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Local funds could be required to ensure bonding projects are maintained

Wants again far outnumber availability for projects that could be included in a 2024 capital investment law.

More than $4.7 billion in requests has been received from state agencies; $3 billion from local units of government.

Rep. Fue Lee (DFL-Mpls) chairs the House Capital Investment Committee whose primary task this session is to develop a proposal that helps fund projects across the state. Gov. Tim Walz has put forth a recommendation that includes $830 million in general obligation bonds and $152 million in other funding sources. Legislative leaders have expressed desire for a similar general obligation bond total.

But Lee also wants recipients to look at long-term needs for funded projects.

Approved Tuesday by the House State and Local Government Finance and Policy Committee on a split-voice vote is HF3582 that, as amended, would require a grantee of state money for a capital improvement project to establish a replacement fund for major rehabilitation, expansion, or replacement of the project once it has reached its useful life.

“This is one avenue to help us ensure that we are planning for the future so that communities actually have a plan to fix the asset that we are putting money into, and we can continue to help out other communities throughout the entire state that still need help,” Lee said.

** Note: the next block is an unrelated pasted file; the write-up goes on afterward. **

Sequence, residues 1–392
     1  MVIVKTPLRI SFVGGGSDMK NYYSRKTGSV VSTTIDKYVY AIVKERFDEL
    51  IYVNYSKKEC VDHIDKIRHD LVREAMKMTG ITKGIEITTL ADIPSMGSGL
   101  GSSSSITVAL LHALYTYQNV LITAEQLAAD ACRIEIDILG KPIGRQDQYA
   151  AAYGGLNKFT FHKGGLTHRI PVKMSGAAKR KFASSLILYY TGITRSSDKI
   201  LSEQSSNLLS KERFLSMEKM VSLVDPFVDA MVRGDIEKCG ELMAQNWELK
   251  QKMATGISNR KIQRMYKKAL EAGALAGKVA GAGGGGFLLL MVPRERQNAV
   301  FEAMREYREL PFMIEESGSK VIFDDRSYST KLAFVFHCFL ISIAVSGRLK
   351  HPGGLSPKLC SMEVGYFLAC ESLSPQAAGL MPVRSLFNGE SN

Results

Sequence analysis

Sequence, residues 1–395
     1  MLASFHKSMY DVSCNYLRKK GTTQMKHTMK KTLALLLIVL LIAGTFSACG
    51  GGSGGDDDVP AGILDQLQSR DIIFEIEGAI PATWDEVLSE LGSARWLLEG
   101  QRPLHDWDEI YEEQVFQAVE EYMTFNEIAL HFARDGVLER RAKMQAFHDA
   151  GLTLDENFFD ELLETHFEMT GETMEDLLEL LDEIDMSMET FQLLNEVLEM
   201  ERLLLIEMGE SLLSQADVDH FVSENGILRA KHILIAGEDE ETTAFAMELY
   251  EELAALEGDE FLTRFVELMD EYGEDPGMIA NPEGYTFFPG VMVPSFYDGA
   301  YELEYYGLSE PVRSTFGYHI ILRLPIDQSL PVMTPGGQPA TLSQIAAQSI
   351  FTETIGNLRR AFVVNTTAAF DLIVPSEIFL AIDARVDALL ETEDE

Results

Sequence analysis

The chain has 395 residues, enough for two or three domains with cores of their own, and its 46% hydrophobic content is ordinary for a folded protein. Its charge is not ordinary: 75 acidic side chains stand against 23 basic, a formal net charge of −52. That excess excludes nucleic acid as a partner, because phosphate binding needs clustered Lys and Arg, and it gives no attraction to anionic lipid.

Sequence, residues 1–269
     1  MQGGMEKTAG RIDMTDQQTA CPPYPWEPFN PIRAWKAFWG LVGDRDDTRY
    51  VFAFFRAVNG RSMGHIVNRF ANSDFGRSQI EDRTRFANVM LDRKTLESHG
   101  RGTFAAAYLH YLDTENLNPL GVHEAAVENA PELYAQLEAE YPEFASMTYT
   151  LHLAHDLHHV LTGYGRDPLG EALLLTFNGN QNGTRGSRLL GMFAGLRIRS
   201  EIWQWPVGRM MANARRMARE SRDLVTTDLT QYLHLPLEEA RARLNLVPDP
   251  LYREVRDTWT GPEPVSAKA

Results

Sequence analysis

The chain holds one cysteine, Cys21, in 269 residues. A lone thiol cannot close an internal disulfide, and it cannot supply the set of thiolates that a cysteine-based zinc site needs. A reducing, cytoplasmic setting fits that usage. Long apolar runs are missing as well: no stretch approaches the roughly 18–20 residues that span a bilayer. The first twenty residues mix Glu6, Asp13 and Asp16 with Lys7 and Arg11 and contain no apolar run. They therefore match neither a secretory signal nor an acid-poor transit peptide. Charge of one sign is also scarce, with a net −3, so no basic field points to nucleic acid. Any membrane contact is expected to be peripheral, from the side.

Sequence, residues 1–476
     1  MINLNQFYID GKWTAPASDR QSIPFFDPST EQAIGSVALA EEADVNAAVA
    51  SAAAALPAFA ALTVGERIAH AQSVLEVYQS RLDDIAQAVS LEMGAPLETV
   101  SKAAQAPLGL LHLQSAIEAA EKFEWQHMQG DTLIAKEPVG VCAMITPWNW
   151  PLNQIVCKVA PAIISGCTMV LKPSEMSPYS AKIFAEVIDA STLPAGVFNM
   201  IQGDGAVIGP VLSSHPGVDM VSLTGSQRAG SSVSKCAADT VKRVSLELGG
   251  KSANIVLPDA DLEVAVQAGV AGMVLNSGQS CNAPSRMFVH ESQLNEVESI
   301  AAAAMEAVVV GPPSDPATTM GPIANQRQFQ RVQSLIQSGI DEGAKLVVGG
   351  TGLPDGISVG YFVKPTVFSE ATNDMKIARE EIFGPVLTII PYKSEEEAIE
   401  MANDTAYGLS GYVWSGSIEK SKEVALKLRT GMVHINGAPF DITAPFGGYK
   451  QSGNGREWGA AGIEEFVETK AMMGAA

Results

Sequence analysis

The bill next goes to the House Capital Investment Committee.

Minnesota Management and Budget officials would determine annual minimum deposit amounts into the replacement fund.

Rep. Danny Nadeau (R-Rogers) pointed out the bill would exempt state agencies from the requirement.

“This is an idea in concept that I do want to explore with our state agencies,” responded Lee.

Rep. Jim Nash (R-Waconia) expressed concern about small cities having to create a reserve fund when their officials ask for state help in the first place because there are not local resources to fully fund a needed project.

“Communities right now have the ability to charge a fee for whatever type of infrastructure, and maybe that could be set aside for the reserve,” said Lee. “… I’m more than willing to work to make sure communities will not be negatively impacted, but with the foresight that we do need to plan for the long term so the state could address our responsibility which are the state assets.”

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